23. Like everyone else CARTOUCHES had us stumped for ages. My wife knew the word but only in the sense of it being a parchment paper lid used for covering sauces and soups. Otherwise an enjoyable puzzle.

  24. 11 minutes, with the last four of them spent on the familiar three in the NW corner – CREAKY, CARTOUCHES and ODIUM. I’m quite cross with myself, because I got CARTOUCHES, but miscounted the anagrist so didn’t enter it, and spent another minute or so trying to find another word! The surface for CUP OF TEA made me smile, but others were also pleasing inc EMBARGO, RIP OFF and IN NAME ONLY. It’s taken ages, but brace as an alternative for couple has finally got stored in the memory bank!
    FOI Iceni LOI Odium COD Chipper – an old-fashioned word that I use quite a lot 😊
    Thanks Jalna and John

  25. Dnf…

    30 mins for everything, but ended up putting “Carsouchet” for 1dn, as I’ve never heard of Cartouches (actually, that’s a lie – I’ve heard of it, but didn’t really know what it was).

    I thought this was definitely on the harder side, with a number of clues that really needed digging out.

    FOI – 5dn “Ref”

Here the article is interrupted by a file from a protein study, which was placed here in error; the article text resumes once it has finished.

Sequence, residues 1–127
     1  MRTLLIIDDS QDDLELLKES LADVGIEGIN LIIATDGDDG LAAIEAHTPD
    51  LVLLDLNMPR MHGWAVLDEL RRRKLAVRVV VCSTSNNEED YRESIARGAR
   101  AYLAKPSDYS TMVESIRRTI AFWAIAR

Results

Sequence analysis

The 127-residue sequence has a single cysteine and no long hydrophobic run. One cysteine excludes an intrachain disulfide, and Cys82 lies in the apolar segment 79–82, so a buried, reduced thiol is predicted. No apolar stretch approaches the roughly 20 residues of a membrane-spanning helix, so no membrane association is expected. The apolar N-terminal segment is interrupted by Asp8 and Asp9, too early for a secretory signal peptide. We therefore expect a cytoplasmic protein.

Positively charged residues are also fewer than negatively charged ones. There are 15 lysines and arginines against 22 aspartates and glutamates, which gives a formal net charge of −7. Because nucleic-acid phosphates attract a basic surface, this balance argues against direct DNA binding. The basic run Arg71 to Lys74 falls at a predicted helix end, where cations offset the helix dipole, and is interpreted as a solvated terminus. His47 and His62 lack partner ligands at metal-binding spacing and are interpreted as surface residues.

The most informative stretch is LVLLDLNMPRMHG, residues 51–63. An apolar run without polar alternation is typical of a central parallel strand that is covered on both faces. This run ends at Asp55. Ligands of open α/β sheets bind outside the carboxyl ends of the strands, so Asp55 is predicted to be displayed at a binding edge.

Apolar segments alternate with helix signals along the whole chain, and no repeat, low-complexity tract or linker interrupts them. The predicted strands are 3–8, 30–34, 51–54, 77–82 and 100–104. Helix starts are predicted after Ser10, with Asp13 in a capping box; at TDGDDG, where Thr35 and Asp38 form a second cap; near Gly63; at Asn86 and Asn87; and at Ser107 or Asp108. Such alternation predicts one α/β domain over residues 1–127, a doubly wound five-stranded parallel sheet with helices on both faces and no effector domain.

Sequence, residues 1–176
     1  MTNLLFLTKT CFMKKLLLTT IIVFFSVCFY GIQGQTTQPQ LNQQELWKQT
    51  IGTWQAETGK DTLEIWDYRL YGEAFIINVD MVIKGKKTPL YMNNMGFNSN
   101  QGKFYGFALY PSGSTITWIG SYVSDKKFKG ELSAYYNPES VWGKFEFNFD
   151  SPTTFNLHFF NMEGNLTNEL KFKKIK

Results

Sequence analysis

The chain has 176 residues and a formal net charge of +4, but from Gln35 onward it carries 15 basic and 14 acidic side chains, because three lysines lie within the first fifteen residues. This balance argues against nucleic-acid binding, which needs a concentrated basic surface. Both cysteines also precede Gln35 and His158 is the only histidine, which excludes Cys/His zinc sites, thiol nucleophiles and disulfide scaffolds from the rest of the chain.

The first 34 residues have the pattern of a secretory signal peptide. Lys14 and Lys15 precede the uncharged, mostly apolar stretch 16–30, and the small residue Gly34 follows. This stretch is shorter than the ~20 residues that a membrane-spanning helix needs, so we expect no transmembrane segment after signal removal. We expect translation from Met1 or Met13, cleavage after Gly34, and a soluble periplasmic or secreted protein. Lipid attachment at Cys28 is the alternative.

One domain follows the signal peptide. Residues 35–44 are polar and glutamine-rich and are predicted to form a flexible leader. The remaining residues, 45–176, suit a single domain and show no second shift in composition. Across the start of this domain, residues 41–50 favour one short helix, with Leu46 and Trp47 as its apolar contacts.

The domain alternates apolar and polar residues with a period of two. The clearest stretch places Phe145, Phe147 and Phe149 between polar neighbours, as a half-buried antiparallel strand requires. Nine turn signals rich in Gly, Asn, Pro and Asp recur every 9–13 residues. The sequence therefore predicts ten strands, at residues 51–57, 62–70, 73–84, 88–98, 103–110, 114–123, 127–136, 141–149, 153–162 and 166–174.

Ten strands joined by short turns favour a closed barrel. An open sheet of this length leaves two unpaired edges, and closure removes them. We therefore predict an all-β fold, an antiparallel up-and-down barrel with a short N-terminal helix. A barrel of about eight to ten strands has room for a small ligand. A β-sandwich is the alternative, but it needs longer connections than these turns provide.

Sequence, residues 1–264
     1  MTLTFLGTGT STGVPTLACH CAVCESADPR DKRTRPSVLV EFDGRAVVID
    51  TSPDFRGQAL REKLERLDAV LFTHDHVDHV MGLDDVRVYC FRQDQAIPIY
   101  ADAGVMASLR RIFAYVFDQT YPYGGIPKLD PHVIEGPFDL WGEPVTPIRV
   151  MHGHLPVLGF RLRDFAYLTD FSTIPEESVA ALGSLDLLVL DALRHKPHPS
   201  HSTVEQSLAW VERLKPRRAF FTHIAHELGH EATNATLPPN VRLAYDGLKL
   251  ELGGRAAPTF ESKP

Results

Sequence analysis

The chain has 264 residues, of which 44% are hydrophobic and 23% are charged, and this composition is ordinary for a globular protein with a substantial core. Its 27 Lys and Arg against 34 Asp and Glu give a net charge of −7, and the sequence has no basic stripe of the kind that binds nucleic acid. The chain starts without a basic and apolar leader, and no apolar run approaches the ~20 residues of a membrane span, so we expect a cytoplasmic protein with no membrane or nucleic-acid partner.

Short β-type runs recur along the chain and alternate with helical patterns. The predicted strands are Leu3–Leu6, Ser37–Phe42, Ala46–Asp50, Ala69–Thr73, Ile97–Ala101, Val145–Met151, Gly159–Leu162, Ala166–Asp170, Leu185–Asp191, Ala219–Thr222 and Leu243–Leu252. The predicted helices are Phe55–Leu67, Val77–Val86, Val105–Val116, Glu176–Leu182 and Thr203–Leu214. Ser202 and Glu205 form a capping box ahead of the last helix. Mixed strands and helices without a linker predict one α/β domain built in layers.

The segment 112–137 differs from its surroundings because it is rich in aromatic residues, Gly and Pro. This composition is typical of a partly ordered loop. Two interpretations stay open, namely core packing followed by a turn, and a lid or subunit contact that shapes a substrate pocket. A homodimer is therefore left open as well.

LOI – 1dn – dnf
    COD – 3dn “Pacemaker”

    Thanks as usual!

  26. Had to go to the supermarket with 1d unsolved, despite much thought, but on return had a PDM with CARTOUCHES.
    Could not parse EMBARGO. A bit slow and CREAKY, but now more CHIPPER.
    Many thanks, John.

  27. I need to change my name to The Typo King. Fat fingered RFF on my way to 09:18. Enjoyed that (until the DPS moment); love the surfaces for CUP OF TEA and EMBRACE.

    Many thanks Jalna and John.


  28. 23.30, slow today. Last four in were CARTOUCHES, PACEMAKER, CREAKY and EGO, which being little got overlooked.

  29. Really struggled with 1d and LOI 10a. So 40 minutes in all. Creaky took time. A lot of items to unpick in the right way, so generally a good challenge except for Cartouches…
    Otherwise probably would have been 20/25 minutes. Oh well a new word learn…. And Iceni new to me although it had to be…